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How does a packet flow?

In this post, we will learn how a packet flows during ping process when destination is on different network. In computer networking, ping command is used to check connectivity. Ping works on ICMP protocol. There are two ping messages-

  1. ICMP echo reply
  2. ICMP echo request
How does a packet flow?
Packet flow

Network topology: two different networks are connected.

To explain whole process, here I took this topology.

Start from very first when connections are just built and there is no information in ARP cache.

When we do ping from PC2 to PC1,(in cmd of PC2 type ping A ping packet is generated that contains source IP, destination IP, ping data.

Destination IP

Source IP


Ping message

Now it first checks destination IP field, to recognize destination is in my network or in some other network. (in this case PC 1 is in other network, you can see network id is

So, now PC2 knows to go outside the network, first default gateway MAC address is required.

Note: Every interface has unique MAC address.

To know the MAC address of default router first it will send ARP request.  ARP request broadcasts in the LAN network and goes to all devices, but only default router will accept (in destination field default router IP is mention, it checks this is my address) and other devices discard the packet.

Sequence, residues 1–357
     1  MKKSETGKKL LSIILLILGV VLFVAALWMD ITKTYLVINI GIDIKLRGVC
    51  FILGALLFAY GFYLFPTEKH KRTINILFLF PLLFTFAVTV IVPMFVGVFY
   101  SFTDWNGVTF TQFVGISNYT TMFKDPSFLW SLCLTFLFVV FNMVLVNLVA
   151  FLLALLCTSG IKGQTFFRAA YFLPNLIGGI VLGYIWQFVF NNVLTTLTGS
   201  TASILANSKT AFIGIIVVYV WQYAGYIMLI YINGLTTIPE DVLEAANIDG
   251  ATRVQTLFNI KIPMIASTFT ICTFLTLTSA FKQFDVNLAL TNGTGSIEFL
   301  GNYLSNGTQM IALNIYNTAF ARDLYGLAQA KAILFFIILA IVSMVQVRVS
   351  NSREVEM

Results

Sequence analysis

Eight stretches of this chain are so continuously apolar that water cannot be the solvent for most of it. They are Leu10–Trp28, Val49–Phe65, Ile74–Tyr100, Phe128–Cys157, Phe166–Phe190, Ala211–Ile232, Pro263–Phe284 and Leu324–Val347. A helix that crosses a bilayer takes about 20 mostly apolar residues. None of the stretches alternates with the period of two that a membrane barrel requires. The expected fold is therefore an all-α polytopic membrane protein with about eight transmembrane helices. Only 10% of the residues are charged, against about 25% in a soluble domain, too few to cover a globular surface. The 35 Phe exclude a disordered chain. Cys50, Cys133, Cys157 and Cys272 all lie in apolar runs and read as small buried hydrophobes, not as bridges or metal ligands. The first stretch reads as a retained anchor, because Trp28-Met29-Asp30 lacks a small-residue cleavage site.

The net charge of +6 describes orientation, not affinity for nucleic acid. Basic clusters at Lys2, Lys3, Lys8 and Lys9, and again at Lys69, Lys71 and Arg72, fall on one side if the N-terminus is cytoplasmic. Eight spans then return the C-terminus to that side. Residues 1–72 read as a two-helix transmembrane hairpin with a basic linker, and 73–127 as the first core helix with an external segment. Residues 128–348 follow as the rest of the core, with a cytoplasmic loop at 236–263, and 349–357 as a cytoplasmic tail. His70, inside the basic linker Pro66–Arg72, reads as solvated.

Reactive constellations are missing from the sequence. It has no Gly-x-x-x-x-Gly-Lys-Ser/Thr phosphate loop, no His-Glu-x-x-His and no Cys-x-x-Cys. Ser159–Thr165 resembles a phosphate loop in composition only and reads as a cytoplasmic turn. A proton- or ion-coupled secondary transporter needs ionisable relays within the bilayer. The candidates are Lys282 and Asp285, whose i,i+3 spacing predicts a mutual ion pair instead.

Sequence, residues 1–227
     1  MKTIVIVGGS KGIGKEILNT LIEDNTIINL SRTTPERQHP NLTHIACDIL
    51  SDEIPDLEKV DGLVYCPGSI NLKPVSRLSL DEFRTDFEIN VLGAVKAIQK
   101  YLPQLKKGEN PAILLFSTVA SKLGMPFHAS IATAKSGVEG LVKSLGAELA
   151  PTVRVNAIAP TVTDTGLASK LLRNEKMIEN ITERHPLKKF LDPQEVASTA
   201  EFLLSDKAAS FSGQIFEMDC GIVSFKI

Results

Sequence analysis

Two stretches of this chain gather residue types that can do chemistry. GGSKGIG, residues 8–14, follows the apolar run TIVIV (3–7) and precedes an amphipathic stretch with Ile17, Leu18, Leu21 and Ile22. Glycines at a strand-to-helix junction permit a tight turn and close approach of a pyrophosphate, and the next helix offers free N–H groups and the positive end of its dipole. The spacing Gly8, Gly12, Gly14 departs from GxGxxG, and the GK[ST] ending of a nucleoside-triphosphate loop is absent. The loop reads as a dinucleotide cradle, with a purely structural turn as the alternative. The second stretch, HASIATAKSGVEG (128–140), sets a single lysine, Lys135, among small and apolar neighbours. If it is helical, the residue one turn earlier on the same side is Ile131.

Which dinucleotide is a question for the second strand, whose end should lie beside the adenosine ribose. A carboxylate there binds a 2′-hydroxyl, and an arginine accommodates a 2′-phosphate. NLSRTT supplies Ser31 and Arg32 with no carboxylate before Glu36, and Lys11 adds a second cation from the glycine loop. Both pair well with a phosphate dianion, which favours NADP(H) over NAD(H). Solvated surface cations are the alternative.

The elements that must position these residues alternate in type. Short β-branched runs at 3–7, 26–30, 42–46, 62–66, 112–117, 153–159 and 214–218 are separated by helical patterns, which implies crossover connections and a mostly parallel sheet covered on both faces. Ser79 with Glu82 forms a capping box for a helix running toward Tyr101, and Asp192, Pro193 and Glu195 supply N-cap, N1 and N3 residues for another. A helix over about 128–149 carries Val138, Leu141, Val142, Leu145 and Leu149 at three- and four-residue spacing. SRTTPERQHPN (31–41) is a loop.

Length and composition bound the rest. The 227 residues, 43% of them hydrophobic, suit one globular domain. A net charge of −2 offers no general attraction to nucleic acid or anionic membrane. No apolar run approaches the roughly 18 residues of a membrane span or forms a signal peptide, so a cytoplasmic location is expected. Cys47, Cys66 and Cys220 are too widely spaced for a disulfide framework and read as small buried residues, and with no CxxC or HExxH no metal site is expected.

In the response of ARP request default router will send ARP reply (unicast message)in which it will send MAC address of its fa0/0 interface.

Now ARP process is completed and PC2 has MAC address of default router. Now a packet is generated at PC2 , packet consist

Destination MAC

Source MAC

Destination IP

Source IP



Fa0/0 router MAC


Ping data

Destination IP and source IP field remains same, only destination MAC and source MAC will change as frame will forward.

Now, when this frame will reach at fa0/0 interface of router –

  1. Router first check the FCS field to detect the presence of error, if there is any error frame is discarded, only when there is no error router accept the frame.
  2.  Decapsulate (remove) the source and destination MAC. Then check the routing table that tells the next hop address and exit interface.
  3.  Encapsulate the packet with new source and destination MAC address. In source MAC field, it place the MAC address of fa0/1 interface of default router or in destination MAC field MAC address of next hop.

In above diagram as you can see PC 1 is directly connected to the default router interface fa0/1. So, after router frame is transmitted to PC1.

Note: Destination IP and source IP field remains same throughout the whole process. Only source and destination MAC field will change (as we all know data link layer is responsible for node to node delivery).